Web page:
Labor’s proposal to limit negative gearing to new housing has support among voters, but there’s also considerable voter confusion about it, new polling from Essential Research shows.
Asked if they support Labor’s negative gearing proposal announced the weekend before last, 38% of voters said they approved of it, while 28% disapproved of it — but 32% said they did not know. But in an illustration of how party branding affects the way voters view policy, the response changes significantly depending on whether Labor is linked to the proposal.
Voters split 38%/28% when voters were asked about “Labor Party’s policy to change negative gearing” but when voters are asked about “changing negative gearing”, they split 37%/32%. Coalition voters responded 40%/36% in favour when the latter, non-Labor branded question was asked, but responded 29%/44% when Labor’s name was added to the proposal. Similarly, while Labor voters backed the proposal 43%/29% when it was put to them without Labor’s association, support rose to 56%/19% when Labor was mentioned as having made the proposal.
The poll also gives an insight into how Australians on different income levels view their financial situation. Although 6% of voters agreed with the statement “I don’t have enough money for basic essentials like housing food and electricity”, including 20% of people earning less than $600 a week, the overall number is slightly down from March 2015 (8%). And 35% agreed with the statement “I have enough money for basic essentials but I cannot save any money”, including 49% of people earning less than $600 a week, 41% of those earning $600-$1000 a week, 44% of those earning $1000-$1600 a week and even 24% of those earning over $1600 a week. Nearly half of voters agreed that they could say a little money, but only 8% said they were able to save “a lot” of money.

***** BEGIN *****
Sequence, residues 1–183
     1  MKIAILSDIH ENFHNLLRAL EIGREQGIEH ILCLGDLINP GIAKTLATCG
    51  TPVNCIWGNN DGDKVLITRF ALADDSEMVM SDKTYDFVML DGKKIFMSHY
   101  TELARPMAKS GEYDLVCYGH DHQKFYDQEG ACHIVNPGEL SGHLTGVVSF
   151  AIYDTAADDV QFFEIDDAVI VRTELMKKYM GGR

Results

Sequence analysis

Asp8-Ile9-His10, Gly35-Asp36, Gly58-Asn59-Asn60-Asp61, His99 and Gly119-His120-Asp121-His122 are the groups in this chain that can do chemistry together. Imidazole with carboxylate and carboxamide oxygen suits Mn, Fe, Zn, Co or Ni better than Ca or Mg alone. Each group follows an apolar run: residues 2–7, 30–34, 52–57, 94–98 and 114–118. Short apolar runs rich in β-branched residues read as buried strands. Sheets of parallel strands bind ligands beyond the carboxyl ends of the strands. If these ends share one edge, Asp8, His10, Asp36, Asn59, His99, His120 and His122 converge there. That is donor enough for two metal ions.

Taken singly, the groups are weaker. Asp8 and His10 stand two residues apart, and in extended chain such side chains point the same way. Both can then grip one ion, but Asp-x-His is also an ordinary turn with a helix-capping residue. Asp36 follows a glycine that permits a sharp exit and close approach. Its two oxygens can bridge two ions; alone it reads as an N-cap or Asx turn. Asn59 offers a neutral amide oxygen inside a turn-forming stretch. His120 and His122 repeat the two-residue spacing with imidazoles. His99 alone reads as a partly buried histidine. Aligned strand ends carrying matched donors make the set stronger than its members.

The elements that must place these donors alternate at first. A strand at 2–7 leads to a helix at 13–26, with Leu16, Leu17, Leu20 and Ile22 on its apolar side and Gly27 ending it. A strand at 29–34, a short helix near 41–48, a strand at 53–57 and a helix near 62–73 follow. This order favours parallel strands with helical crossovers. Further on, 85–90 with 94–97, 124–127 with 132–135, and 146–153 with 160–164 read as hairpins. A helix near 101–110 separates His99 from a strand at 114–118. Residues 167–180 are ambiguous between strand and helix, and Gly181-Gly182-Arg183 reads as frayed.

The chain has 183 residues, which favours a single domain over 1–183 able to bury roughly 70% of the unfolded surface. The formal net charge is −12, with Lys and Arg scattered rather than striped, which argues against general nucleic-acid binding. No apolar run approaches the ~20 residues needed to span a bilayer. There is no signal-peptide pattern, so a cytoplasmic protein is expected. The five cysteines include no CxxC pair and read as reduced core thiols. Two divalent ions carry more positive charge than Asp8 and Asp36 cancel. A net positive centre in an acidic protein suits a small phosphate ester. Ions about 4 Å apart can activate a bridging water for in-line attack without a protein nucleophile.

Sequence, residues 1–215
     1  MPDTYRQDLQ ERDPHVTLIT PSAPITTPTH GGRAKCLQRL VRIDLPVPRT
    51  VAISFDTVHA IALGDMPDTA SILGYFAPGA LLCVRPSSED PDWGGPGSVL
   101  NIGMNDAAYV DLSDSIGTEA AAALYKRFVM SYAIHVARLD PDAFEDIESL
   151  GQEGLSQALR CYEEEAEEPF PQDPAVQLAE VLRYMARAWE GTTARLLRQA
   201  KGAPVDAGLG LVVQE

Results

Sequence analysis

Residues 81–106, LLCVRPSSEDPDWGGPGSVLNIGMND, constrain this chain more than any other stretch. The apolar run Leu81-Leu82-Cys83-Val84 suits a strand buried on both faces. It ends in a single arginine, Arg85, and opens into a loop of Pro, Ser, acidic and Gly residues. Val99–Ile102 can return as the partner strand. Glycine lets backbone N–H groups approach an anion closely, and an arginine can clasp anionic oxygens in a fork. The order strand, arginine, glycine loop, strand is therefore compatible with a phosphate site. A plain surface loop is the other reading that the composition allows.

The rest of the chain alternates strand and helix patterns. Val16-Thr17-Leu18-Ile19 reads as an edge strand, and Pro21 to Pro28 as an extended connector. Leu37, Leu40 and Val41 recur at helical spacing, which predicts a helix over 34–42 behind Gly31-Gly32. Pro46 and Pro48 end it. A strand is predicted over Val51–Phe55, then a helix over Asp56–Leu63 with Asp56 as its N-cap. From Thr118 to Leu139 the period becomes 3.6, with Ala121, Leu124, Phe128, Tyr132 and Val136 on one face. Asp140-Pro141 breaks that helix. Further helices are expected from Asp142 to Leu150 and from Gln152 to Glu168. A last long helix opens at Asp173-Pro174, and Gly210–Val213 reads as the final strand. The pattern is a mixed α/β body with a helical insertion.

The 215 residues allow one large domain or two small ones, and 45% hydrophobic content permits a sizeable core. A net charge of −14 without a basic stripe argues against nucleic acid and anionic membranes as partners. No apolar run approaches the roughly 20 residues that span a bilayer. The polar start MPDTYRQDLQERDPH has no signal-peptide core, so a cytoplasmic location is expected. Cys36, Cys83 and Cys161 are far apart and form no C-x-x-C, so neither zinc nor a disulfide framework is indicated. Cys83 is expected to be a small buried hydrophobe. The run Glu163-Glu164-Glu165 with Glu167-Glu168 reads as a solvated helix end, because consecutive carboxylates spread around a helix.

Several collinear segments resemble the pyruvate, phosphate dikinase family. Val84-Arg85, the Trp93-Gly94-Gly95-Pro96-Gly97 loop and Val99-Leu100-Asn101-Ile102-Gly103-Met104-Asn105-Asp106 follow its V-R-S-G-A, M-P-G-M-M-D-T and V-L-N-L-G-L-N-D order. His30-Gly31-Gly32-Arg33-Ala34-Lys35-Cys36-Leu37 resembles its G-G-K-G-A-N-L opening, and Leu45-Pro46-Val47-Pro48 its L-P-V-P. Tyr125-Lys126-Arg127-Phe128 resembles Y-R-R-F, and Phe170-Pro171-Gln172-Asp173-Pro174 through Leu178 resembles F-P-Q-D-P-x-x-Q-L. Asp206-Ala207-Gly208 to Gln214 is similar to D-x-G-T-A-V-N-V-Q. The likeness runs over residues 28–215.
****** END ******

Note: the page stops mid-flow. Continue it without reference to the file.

Two-thirds of people earning less than $600 a week say their income has failed to keep pace with the cost of living in the last two years (and 51% of all voters say that).
However, voters may finally be registering the extended period of low inflation Australia has enjoyed for several years. Asked if they’re paying more or less for basics, 19% of voters (wrongly) say they’re paying “a lot more” for petrol than two to three years ago, but that’s down from 56% in March 2014; 22% of voters say they’re paying a little less; 3% acknowledge they’re paying a lot less. A quarter of voters saying they’re paying a lot more for fruit and vegetables than 2-3 years ago but that’s down from 36% in 2014; 34% say they’re paying a lot more for electricity and gas but that’s nearly halved from 62%. Fourteen per cent say they’re paying a lot more for housing costs such as mortgage or rent but that’s down from 24%; water is down to 13% from 40%; packaged food is down to 15% from 26%.
Nevertheless, voters’ views of the economy have deteriorated slightly since November. Voters are more likely to think company profits, their own financial situation, wages and the economy overall are worse than a year ago, compared to when the same question was asked in November. However, they are a little more likely to think unemployment, job security, electricity costs and the cost of living have improved or stayed the same over the last year.
On voting intention, the Coalition is up a point to 44% on its primary vote while Labor is up two points to 3%. With the Greens down a point on 10%, the two-party preferred outcome is unchanged on 52%-48% to the government.